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PostPosted: Tue Mar 09, 2010 6:19 am
Posts: 1489Joined: Tue Aug 14, 2007 8:21 am
I figured Chinese soccer/football was pretty much a lost cause in sports.


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PostPosted: Tue Mar 09, 2010 6:30 am
User avatarPosts: 59329Location: Hong Kong/ChinaJoined: Tue Feb 25, 2003 5:13 am
superjohn wrote:


You moron, how come Australia soccer ranks in the 20s in he world while China is about 80s? China should rank at least higher than Japan and Korea. Another question is that South Africa also ranks in the 80s and they are hosting the world cup. Maybe China should try to host the world cup.


Yeah in our dreams............ :roll:

Maybe we have to wait 20 years......


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PostPosted: Tue Mar 09, 2010 7:02 am
User avatarPosts: 59329Location: Hong Kong/ChinaJoined: Tue Feb 25, 2003 5:13 am
karamazov wrote:

I just don't get it, why China can not be better at these games. - I will not buy that its because Asians are somehow genetically inferior in sports.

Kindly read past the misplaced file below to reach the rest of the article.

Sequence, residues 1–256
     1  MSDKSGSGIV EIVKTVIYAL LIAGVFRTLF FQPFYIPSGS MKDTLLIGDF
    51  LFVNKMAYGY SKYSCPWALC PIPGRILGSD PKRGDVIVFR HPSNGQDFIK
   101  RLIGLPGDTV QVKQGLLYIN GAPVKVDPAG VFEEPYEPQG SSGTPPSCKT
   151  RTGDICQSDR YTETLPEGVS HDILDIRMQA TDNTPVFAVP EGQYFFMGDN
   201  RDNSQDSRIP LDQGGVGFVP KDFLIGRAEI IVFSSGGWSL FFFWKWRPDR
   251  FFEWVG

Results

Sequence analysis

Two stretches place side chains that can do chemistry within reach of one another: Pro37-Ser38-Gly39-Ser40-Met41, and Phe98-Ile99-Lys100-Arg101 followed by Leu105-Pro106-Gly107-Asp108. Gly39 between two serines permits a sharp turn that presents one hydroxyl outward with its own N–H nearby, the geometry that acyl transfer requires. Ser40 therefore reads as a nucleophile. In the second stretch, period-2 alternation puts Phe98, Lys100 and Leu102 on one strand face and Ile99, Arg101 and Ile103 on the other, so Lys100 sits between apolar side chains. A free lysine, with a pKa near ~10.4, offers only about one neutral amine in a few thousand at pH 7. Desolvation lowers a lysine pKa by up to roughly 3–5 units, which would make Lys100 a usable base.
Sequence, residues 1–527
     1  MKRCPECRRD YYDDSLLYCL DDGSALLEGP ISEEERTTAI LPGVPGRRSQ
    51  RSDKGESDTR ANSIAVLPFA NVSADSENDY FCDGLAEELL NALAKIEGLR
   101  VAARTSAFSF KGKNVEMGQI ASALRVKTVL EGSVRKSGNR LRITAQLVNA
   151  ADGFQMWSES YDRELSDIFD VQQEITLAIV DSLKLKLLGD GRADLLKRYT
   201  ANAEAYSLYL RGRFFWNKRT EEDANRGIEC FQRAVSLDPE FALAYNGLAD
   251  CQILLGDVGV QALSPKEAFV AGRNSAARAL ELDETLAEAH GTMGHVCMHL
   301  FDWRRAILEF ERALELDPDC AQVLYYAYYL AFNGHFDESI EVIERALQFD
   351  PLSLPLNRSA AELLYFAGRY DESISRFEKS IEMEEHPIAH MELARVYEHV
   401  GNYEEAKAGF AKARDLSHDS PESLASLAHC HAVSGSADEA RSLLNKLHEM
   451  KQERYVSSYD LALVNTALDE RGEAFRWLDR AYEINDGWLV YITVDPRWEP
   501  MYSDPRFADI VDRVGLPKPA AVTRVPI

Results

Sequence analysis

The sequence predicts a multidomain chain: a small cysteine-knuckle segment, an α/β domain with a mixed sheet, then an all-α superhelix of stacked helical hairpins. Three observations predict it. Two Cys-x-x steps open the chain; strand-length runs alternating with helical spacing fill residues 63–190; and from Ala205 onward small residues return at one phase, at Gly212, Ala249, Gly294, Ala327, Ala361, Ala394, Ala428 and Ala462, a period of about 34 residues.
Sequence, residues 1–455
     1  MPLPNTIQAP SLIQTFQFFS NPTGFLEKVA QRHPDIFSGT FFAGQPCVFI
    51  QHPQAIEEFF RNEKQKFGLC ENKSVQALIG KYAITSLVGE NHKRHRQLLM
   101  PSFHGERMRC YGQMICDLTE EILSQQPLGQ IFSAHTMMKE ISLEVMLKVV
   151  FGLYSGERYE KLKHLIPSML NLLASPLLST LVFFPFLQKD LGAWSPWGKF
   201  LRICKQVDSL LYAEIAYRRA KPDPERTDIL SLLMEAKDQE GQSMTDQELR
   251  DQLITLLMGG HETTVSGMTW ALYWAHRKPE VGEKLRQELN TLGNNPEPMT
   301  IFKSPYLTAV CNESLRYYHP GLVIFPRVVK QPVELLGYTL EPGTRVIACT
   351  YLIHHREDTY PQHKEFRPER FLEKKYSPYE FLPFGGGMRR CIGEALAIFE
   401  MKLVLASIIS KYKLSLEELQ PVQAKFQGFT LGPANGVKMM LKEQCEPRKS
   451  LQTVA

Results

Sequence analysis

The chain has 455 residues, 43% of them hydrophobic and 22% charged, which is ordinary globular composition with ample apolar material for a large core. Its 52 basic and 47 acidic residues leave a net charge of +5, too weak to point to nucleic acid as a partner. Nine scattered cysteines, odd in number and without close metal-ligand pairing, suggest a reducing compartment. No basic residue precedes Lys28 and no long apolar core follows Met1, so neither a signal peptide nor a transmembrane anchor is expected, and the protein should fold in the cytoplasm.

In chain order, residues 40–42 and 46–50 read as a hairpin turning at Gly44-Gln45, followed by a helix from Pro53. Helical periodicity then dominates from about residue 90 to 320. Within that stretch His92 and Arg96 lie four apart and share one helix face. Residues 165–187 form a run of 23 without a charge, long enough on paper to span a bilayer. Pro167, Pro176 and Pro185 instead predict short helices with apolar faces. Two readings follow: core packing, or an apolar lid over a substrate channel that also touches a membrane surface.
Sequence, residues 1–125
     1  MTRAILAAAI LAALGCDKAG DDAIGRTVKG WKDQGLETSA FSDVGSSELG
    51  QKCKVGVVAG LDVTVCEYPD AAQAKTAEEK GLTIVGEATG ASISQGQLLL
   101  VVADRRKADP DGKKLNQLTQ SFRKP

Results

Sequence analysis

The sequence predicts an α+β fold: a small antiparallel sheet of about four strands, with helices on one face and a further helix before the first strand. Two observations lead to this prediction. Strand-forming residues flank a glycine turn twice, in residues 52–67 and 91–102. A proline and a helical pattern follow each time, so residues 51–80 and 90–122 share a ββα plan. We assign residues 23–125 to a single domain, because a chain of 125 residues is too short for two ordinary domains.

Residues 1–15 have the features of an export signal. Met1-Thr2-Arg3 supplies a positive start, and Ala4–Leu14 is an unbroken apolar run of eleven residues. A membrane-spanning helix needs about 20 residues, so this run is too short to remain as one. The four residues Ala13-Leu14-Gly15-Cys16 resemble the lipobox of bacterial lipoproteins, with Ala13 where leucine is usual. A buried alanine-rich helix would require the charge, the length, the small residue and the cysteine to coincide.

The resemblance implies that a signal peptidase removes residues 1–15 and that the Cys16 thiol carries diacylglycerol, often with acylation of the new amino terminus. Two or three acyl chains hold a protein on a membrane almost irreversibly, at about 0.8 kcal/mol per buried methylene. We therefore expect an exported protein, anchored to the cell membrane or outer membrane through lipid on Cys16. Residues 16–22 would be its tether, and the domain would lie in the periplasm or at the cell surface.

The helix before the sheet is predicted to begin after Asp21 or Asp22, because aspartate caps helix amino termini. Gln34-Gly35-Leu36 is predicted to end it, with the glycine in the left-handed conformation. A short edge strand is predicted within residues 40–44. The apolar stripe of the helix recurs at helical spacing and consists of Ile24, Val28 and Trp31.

Well, the CROOKED SYSTEMS is one thing.

The other issues that had been pulling the hind legs of basketball and soccer in China are RULES/REGULATIONS AND PEOPLE.

There are just too many power struggles within the hierarchy.

I'll give you a few examples:


  • The current head coach of Chinese soccer team is Gao Hongbo. When he was still a player, he was one of the most profilic scorers of China, at the tender age of 17 to 18. But he was never selected into the national team during his prime, cos the head coach of the national team at that time had personal grudges with Gao Hongbo's mentor. He was only selected into the national team at the age of 27 to 28, i.e. at the twilight of his career, when this particular national head coach stepped down.